- Inspecting and tuning the rigging and installing a new tri-light at the mast for night travel so other vessels can see us. Thanks to Ryan with Rogue Rigging for doing the initial work on Sonho 12 years ago when we bought her and giving her a tune-up before we headed south, and to Ian Ferguson for going up our stick twice to do the installation.
- Re-rigging the mainsheet from a cockpit traveler system to mid-boom. Another multi-day project that was designed and installed by Aaron and his dad, Jim. This was essential to our ability to sail with the enclosure in place and also had made it safer for us to double-hand.
- Inspecting and tuning the engine (which ended up being a very big deal as the brand new engine that was installed eight years ago was not done with ocean-going parts). Massive kudos to Eric Mashbir and Patrick of Mashbir Marine Engine Services for working magic in a very short timeframe. (Also, thanks to Ryan Steele for referring us!) This was an incredibly stressful time for us as when the engine was being worked on, the entire floor had to be opened up for access, which meant we had to be off the boat and nothing else could be done. But it is absolutely essential to have a reliable engine as the wind doesn’t always blow hard enough (and sometimes too hard) or in the direction you need to go.
- Installing an electronic windlass so we don’t have to hand-set and raise the anchor. Since we will be spending a great deal of our time at anchor, this is another essential element of boat life. Aaron and his dad spent hours pulling out the massive manual windlass, fitting the new one and running the wiring, dragging the chain onto the dock and color coding the lengths in 50 ft increments, then taking it in and out, and in and out, and in and out, of the anchor lockers to figure out how to make it lay correctly without heaping up and jamming. Since setting and weighing anchor from the bow is my job, I appreciate the care they took to make it work effortlessly! Aaron still wasn’t pleased with our old anchor chain, so while we were in San Diego, he pulled out the old chain, bought new, painted the lengths and re-installed it. A very tough job to do alone!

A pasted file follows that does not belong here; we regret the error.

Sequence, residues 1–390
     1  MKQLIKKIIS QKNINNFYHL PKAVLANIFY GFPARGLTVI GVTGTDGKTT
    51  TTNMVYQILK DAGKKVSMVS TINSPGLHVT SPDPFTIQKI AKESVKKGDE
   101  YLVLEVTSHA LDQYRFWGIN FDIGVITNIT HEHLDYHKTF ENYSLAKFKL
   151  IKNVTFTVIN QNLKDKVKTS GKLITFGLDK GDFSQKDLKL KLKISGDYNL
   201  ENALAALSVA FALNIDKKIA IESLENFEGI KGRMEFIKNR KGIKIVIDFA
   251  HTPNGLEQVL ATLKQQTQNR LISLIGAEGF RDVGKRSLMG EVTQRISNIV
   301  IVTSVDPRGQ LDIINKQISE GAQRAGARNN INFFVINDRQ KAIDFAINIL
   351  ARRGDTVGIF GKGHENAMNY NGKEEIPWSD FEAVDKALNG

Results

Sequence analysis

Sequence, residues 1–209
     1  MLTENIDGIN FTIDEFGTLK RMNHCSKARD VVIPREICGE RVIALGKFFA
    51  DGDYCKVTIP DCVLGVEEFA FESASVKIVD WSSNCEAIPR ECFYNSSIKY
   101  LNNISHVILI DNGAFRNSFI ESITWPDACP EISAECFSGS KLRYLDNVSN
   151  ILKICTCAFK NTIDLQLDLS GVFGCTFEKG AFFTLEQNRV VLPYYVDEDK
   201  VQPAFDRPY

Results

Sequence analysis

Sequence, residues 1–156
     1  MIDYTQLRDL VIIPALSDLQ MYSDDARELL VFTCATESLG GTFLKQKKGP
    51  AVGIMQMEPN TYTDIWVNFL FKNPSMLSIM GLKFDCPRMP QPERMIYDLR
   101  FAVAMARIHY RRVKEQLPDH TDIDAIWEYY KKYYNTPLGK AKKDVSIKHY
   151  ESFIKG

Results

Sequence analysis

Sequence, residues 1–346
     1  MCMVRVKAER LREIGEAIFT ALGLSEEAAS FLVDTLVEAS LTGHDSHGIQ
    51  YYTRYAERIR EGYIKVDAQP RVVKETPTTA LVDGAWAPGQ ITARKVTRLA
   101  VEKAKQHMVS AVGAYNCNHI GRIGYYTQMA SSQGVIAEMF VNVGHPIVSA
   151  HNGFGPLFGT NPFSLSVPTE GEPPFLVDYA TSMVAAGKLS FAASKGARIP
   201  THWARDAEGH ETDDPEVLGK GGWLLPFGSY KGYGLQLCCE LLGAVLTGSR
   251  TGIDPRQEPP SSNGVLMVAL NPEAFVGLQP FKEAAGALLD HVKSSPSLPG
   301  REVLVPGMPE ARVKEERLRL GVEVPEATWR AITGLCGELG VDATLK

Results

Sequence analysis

- Repairing our shaft/stuffing box/cutlass. This was an unexpected repair that we discovered as we entered San Diego harbor after hundreds of miles on the ocean. I’ll go into more detail in a future post, but suffice to say that if we had not found and fixed this problem, we could have sunk. Sun Coast Marine Services performed the repairs professionally and on a very fast track to get us on our way to Mexico and we are extremely grateful.
- Installing a stand-alone freezer. Living at the marina, I shopped two or three times a week with easy access to stores so we didn’t have a freezer. We’ll need to be able to provision for a week or more when on long passages or in anchorages/ports with no stores so the ability to freeze food will extend our menus beyond canned and boxed items.
- Installing a macerator (basically a garbage disposal for human waste) to grind and pump overboard on ocean passages. Aaron also installed a brand new head and hoses, which is a crappy job. LOL! Our waste goes into holding tanks when we are in anchorages/ports and then we empty when we are at sea. Yes, this is legal. And for those worrying that we are filling the ocean with poop, go ahead and Google what a single whale poop looks like!!! Our waste is literally a drop in the ocean.